In 1986, Libya and Chad were fighting over a strip of land.

Libya had the more modern, well-armed forces: 7,000 troops, 300 tanks, 60 aircraft, even helicopters.

Chad didn’t have any tanks, but they had something the Libyans didn’t have: Toyotas.

They fitted machine-guns and RPG-launchers in the back of these.

A battle between SUVs and tanks should be no contest, and so it proved.

In 1987, at the battle for Fada, the Toyotas crushed a Libyan armoured brigade, the Libyans lost 100 tanks, repeat 100 tanks, the Chad forces lost 3 Toyotas.

The Toyotas then attacked the Libyan Ouadi Doum airbase, defended by 5,000 troops and surrounded by densely packed minefields.

The Toyotas destroyed the airbase because, travelling at 100kph, they were too fast and too  light to set off the mines.

They then attacked an airbase 200km inside Libya, arriving  undetected they destroyed 70 tanks, 30 other armoured vehicles, and 30 aircraft.

The Toyotas ran rings around the slow, cumbersome tanks.

And even when the Toyotas were damaged, there were mechanics in every village that could fix them, they’d keep going no matter what.

Whereas if a tank lost part of a track, it couldn’t move, it was useless.

The Toyotas of Chad won the war against the tanks of Libya.

The lesson is that sometimes speed and mobility can beat superior forces.

Years ago the UK government made the rules for cigarette advertising so strict, every single word on every ad was vetted.

CDP’s B&H Gold Box account depended on aspirational imagery.

Frank Lowe briefed Al Waldie that the government would hardly let them say anything.

So Waldie thought “If they won’t let us say anything, we won’t use any words” and he did the strangest campaign anyone had seen until that time.

He knew Art was aspirational, and surrealism was what most people thought of as art.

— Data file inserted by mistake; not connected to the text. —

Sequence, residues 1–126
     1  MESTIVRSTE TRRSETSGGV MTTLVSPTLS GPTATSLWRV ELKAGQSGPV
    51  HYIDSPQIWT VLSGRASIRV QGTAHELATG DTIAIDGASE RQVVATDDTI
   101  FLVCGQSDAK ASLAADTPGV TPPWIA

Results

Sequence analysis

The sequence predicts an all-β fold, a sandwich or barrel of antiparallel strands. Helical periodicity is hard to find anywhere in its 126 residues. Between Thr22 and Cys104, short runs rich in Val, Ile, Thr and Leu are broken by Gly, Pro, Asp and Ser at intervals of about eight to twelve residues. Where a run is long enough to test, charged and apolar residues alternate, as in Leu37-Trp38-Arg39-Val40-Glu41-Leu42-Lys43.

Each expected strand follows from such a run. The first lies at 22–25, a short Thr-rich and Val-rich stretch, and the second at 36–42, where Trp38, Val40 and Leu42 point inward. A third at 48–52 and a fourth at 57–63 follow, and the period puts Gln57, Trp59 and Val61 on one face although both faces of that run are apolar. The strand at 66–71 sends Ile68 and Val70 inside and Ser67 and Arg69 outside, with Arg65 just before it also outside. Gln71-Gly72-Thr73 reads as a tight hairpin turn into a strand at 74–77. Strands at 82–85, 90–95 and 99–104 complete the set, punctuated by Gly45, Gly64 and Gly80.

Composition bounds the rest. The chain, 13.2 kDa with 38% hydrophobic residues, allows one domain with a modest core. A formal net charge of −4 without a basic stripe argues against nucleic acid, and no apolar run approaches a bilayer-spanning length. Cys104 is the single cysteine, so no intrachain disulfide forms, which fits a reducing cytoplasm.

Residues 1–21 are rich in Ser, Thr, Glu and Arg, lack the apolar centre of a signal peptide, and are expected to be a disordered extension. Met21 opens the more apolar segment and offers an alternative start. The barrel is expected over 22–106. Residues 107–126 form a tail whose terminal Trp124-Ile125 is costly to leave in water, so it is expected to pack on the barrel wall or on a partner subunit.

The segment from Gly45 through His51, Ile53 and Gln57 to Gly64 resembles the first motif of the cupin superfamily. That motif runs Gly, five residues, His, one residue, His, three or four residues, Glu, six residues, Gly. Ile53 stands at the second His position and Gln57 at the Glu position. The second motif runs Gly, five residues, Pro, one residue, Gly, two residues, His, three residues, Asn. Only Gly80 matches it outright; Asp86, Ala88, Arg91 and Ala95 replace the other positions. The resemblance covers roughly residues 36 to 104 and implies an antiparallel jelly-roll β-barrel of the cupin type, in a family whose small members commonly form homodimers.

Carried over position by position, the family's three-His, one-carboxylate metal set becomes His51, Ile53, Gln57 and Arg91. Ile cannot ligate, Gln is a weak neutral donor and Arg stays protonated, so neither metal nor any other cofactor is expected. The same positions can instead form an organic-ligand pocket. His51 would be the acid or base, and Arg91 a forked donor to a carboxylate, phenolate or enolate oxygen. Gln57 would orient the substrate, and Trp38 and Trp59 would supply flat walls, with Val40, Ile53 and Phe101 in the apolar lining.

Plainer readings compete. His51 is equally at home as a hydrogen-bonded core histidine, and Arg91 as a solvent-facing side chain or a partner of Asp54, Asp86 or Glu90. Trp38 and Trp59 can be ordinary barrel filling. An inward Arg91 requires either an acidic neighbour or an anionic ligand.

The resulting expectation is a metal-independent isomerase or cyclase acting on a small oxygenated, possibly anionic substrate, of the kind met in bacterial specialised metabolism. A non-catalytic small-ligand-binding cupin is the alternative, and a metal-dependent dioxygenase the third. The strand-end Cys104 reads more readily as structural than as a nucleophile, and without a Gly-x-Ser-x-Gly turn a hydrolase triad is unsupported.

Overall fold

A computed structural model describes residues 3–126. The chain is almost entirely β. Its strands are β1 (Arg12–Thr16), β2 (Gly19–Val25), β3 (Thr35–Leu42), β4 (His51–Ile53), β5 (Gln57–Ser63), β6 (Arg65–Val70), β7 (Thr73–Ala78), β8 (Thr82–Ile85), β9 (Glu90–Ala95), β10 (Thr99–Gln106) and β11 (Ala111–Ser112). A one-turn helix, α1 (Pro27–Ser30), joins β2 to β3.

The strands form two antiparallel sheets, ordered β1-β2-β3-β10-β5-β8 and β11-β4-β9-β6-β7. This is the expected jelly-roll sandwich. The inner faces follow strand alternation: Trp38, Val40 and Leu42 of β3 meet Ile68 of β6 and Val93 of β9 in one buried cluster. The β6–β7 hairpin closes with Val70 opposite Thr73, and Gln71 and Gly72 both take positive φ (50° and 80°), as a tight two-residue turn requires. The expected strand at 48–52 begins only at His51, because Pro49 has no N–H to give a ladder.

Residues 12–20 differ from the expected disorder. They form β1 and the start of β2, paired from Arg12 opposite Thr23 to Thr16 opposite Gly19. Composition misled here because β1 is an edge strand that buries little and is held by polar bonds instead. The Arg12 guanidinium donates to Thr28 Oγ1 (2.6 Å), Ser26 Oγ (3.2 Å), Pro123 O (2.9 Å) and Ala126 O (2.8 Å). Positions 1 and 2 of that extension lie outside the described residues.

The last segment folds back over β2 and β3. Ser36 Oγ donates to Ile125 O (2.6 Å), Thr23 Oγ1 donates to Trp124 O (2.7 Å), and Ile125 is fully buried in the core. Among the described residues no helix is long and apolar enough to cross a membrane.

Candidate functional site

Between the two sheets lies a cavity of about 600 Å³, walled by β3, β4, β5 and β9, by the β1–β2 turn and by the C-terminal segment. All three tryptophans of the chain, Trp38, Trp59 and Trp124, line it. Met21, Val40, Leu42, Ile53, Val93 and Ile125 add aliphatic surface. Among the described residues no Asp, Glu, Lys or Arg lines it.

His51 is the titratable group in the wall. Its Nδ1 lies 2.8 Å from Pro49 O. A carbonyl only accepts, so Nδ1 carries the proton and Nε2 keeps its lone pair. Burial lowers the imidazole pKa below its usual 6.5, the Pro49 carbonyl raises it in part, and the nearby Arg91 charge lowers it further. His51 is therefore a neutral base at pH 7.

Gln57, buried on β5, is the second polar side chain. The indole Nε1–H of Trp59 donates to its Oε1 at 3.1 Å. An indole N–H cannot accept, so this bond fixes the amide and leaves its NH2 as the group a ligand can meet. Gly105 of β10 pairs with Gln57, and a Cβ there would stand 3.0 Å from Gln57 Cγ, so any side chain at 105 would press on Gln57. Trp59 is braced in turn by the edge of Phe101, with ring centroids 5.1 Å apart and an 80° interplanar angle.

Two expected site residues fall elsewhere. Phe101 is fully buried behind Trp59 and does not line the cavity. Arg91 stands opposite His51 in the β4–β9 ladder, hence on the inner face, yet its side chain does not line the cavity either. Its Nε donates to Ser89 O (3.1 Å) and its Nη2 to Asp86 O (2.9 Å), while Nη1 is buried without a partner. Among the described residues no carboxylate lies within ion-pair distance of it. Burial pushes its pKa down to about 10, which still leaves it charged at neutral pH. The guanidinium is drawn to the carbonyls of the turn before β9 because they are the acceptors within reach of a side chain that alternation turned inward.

So he did huge 48 sheet posters with photographs inspired by the surrealism of Magritte and Dali.

With absolutely no words, the headline was the government Health Warning making it clear it was for cigarettes, and the only clue to the brand was the consistent use of gold in the pictures.

The fact that you had to work it out made it aspirational, not just a crass poster shouting at you, this was only for the intelligent, the discerning, not for the masses.

The agility of their response created a totally new kind of advertising.

Every surreal ad you see today is a direct descendant of that original B&H campaign.

And it was all due to the mobility of their response to government restrictions.

Apple has always been fast and agile, able to pivot at speed.

When Steve Jobs returned to Apple there were no products worth advertising, so he ran brand-only ads (“Here’s to the crazy ones”) until new products came on stream.

Then, when Apple had definite product advantages, he switched to a hard-sell campaign: 70 ads targeting the market leader (“I’m a Mac” “I’m a PC”).

And when Apple moved into entertainment, they switched to a graphic campaign for their iPod based mainly on silhouettes with a white headphone lead.

Mobility isn’t always the way to go. Toyotas won’t always beat tanks.

But the start point must always be to work out what you’ve got, and how to turn it to advantage.

Mobility doesn’t always mean changing the campaign.

But it does mean getting out in front of the situation so you’re in control of it.

As Buddha said “Act don’t react.”